The sources that I quoted above unfortunately do not support this claim.  Most medical sources agree that only about 32% of all j-pouchers will develop pouchitis in their lifetime or approximately 1 in 3.  But, of those, only one in three or 37%, will have just a single episode (information in the first article).  That would mean 63% or basically 2/3 will have recurrent flair-ups (47%) or chronic pouchitis (16%).  That tells me that if you are in the 1/3 that get it then your chances of having symptoms again are very common.

"MOST ISSUES FOR A JPOUCHER CAN BE HANDLED BY THE JPOUCHER"

The only one I could come up with is the butt burn issue. It doesn't mean this is the only non-office visit a j-poucher deals with but when statistics of office related issues are factored in then j-pouchers seem to require more medical supervision (frequent pouch checks through endoscopy and any pain or problems with the pouch since it is completely internal).  The point I was trying to convey is I am one of those people who only goes to doctors when things get out of hand.  This could cause more issues with say pouchitis if I wait until it gets out of hand requiring more treatment and might even damage the pouch itself resulting in the pouch failing due to "my" lack of seeking "timely" medical treatment.  Less things can get out of hand with an ostomy in my opinion or at least with me being in charge.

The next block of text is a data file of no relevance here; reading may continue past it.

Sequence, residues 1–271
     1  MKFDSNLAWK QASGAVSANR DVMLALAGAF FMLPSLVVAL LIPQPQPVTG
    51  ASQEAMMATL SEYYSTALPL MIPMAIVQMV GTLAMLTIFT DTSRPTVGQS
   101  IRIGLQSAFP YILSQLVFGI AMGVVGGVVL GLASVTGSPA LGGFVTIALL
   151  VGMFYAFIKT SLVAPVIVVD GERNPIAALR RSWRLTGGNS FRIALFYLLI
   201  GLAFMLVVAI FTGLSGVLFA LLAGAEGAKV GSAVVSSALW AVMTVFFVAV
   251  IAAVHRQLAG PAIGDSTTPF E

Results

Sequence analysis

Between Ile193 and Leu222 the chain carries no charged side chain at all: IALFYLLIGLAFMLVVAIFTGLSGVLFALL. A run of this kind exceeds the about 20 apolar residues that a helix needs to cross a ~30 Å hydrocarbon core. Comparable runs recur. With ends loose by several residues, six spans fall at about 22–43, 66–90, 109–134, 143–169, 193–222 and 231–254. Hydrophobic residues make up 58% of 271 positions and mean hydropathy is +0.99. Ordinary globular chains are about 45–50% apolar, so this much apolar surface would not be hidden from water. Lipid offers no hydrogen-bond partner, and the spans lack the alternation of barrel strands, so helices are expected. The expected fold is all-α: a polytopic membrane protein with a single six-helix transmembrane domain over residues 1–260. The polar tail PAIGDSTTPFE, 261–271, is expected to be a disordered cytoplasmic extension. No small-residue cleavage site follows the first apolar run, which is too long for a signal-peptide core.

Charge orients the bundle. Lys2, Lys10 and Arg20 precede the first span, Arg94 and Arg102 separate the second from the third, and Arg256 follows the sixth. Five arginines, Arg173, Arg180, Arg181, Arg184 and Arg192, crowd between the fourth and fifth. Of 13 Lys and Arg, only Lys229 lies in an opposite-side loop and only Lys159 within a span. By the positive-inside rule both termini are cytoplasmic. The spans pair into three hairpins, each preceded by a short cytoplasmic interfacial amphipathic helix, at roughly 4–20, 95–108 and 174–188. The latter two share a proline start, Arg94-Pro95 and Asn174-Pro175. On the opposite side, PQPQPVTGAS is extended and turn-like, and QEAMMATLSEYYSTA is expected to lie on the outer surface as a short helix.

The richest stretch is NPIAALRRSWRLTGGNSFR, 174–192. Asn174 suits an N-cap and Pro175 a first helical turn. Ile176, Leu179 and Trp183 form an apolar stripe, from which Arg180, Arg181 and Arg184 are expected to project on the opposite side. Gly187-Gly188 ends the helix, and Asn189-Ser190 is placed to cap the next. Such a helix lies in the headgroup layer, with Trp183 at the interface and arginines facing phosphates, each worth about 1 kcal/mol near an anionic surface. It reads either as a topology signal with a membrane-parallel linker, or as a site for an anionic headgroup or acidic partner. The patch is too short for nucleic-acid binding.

"AND COST OF OSTOMY SUPPLIES."

This I did take into consideration also but it would be a Pro on my list (it didn't rate too high though).  My insurance covers 100% of all durable supplies but will not cover toliet tissue and butt cream so the ostomy was actually financially more feasible for me (this may not be the case for some).  If finances were the main issue to address when making the decision then in theory the j-pouch option might be cheaper as long as the co-pays for any office visits, deductables for procedures being met (annual colonoscopy/endoscopy),  the co-pay for any prescriptions needed, and the cost of OTC medicines didn't exceed the out of pocket expense with ostomy suppies.  Again that was not a main "make it or break it" point for me but the above listed out of pocket expenses would be a concern if a person were using expenses to make a decision.